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Showing posts from April, 2017

Using a State-Machine to Control a Wizard

On previous articles, I wrote about real-world usages for the State and Singleton design patterns. I also wrote about using these two patterns together to create a state-machine. Now, I am going use that state-machine to control a Wizard. I am going to use Java Swing to create the User Interface classes. To create my interface using Java Swing, I am going to create three panels for contents, one panel to provide the navigation controls, and a frame to hold it all together. It will be a simple example, but one you could easily expand should you have the need to create your own wizard. The Frame The frame is the application window. I will not go to much into details about the Java JFrame class, as I assume you have some basic knowledge of Java and Java Swing. If you don't much about Java Swing, I suggest you visit this Oracle tutorial on how to create frames. Main.java public class Main extends JFrame { private CardsPanel cards = new CardsPanel(); private NavigationPanel but…

Combining State and Singleton Patterns to Create a State-Machine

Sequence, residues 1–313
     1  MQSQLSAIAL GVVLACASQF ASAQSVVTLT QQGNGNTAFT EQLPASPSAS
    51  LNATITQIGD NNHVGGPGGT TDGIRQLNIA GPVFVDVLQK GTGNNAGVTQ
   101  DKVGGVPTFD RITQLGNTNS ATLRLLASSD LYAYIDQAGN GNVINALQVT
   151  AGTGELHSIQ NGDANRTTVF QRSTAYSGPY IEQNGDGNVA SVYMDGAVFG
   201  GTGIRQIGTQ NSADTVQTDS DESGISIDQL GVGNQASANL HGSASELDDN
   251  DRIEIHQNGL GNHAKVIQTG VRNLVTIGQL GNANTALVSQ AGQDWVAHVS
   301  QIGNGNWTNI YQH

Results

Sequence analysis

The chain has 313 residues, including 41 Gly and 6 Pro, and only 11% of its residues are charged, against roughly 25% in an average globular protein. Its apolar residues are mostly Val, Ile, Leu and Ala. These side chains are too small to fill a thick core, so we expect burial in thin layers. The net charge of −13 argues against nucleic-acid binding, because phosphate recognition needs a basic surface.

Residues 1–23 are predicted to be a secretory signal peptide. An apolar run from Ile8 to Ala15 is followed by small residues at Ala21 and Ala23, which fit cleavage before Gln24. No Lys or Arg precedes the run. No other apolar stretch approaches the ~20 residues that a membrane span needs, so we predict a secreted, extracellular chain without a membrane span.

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In my previous two posts, I discussed real-world applications for the Singleton and State design patterns. In this article, I am going to illustrate how to combine both of these patterns to create a simple wizard. Simple State Design Pattern Implementation In a typical implementation of the design pattern, State is either an interface or abstract class, with each state of the state machine being Singleton classes. My example is going to be slightly different. I will implement the state machine using a state interface and Java enums to implement the Singleton. Using an enum is the recommended way to implement a Singleton in Java. First, let's come up with a simple state interface State.java public interface State { void goNext(Context input); void goPrevious(Context input); } Now that we have an interface defined, we can derive as many states as we need. For this example, three states should be sufficient to demonstrate the wizard's functionality. Java allows enum …